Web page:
China blocks traders from Nepal under cover of Covid
At the end of January 2022, Nepalese traders staged a protest in Rasuwagadhi. Reports indicate that businessmen were carrying placards with messages such as “Ensure the smooth movement of containers, ensure the safety of Nepalese living at the border, respect international law and end the undeclared blockade”, among others . Residents of Tatopani in Sindhupalchowk district had also earlier staged a protest against the Chinese blockade.
China is tightening its grip on Rasuwagadhi and Tatopani, the two most crucial trading points and China is allowing a maximum of two to three truckloads of goods per day to places where there was previously heavy traffic. Currently, there are nine trade routes between Nepal and China including Hilsa, Nagcha, Ko Rala, Gorkha Larka, Rasuwagadhi, Tatopani, Lamabagar, Kimathanka and Olangchung Gola. Of these, Rasuwagadhi and Tatopani are the most crucial and have been closed since January 2020.
Nepalese traders say that since January 2020, around 300 trucks have been stuck at Kerung and Tatopani border posts. Nepali traders also accuse the Chinese government of not issuing them visas and have therefore stopped ordering new goods from China.
A statement issued by the Chinese Embassy in Kathmandu (January 13, 2022) said that they have opened cargo transportation to Nepal, “The Chinese side has opened one-way cargo transportation to Nepal by overcoming great difficulties and has continuously improved the cargo handling capacity of the ports. , which has played an important role in ensuring the supply of anti-pandemic and livelihood materials in Nepal. We look forward to working with the Nepalese side to overcome the current difficulties and make efforts to restore the economy and normal personnel exchanges.
The origin of this undeclared blockade dates back to early last year, when traders reported that their container trucks had not been allowed to cross the border for more than sixteen months. At that time, Naresh Katuwal, president of the National Traders Federation of Nepal, said shipments were blocked at the northern border under the pretext of the Covid-19 pandemic.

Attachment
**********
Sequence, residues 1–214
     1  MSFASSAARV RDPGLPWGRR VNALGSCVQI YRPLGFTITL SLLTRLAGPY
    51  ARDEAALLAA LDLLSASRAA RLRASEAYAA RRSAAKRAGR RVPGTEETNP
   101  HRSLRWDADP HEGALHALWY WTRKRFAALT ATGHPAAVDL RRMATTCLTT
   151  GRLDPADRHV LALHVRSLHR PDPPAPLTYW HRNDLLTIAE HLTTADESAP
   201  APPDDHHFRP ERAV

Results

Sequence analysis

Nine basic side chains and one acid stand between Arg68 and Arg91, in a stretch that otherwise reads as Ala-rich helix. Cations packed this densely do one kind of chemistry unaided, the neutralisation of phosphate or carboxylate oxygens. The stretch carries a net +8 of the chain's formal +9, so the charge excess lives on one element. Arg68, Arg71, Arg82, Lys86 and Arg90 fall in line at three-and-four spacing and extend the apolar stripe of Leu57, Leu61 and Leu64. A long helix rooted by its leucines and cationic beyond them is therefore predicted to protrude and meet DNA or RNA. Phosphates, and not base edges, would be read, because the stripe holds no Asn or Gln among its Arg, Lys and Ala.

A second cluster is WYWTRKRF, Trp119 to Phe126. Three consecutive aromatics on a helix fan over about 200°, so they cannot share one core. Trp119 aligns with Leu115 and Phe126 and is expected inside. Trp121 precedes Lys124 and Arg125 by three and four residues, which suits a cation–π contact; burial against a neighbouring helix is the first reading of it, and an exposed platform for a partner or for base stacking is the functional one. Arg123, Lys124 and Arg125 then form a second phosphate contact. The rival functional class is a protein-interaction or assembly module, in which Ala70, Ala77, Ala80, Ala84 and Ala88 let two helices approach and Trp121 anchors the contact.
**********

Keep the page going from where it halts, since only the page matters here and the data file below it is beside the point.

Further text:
“We considered this gesture by China as an unofficial blockade,” Katuwal told the Kathmandu Post (February 2021). He added that there was no point in trading with China if this situation continued. Nearly 2,000 containers loaded with clothes, shoes, cosmetics, electronics and industrial raw materials were stopped at the border during the festive season from October to November 2020. China only allowed a few trucks to enter Nepal. Subsequently, most importers rerouted their goods through the port of Kolkata in India.
The net result of this has been a drastic reduction in trade between Nepal and China. According to the Nepal Trade and Export Promotion Center, Chinese exports to Nepal decreased by 3% from 17.6% to 14.6% in just two years.
China mainly exports electronics and garments to Nepal, while Nepal mainly exports carpets, handicrafts and traditional items to China. Nepal’s exports to China were reduced to 0.4% from 1.8%. Nepal bought Rs 96.33 billion worth of Chinese goods in the first six months of 2021, compared to Rs 118.25 billion in the same period last fiscal. Exports to China also fell by 50% in the first six months of the current fiscal year. Shipments were valued at 500 million rupees, compared to 1.02 billion rupees in the same period last financial year.
The current stalemate is not due to the two parties’ lack of agreement on trade and transit. Nepal and China had signed a transit agreement in March 2016, which was operationalized during the Nepalese President’s state visit to China in April 2019. Article 15 of the agreement talks about the implementation of the pact one month after each country informed the other of its decision. Coming into force.
According to this protocol, China had allowed Nepal to use four open seaports and three open dry ports. The trade agreement between Nepal and China also allows people living within 30 km on either side of the border to travel freely by simply providing proof of residence to engage in the barter trade. Indeed, the majority of Nepalese exports to China are consumed in Tibet.
Current restrictions on the movement of traders and people across borders with China have created major hurdles for traders in Nepal. In some cases, cases of cheating have also been noticed. Such an example was revealed recently, when a Nepalese company Sun Moon Trading Co., placed an online order (September 2021) with a Chinese company, Changsha Washum Bamboo Products trading company based in Hunan China, for the supply of 5,000 boxes of latex gloves. . The Nepalese company has also deposited US$25,000 for delivery of the items within one month but has yet to receive the products. Apparently the Chinese company has closed shop and is unable to send the supplies. Nepalese society is now in deep trouble and has lost precious money.
The government of Nepal approached China through the Ministry of Foreign Affairs to find a diplomatic solution to the issue, but no result was achieved. Meanwhile, Chinese carriers have increased shipping costs. The cost of transporting goods for the 26 km distance between the Chinese border post and the Nepalese border post has increased from 15,000-16,000 RMB to 60,000-65,000 RMB per container.
China’s continued indifferent attitude towards Nepal could be linked both to Prime Minister Deuba’s alleged pro-India streak and China’s inability to hold the Communist Party of Nepal together. As a result, the people of Nepal are suffering the consequences of China’s irrational thought process. The people of Nepal have every right to protest against this unjust measure taken by their giant neighbor to the north.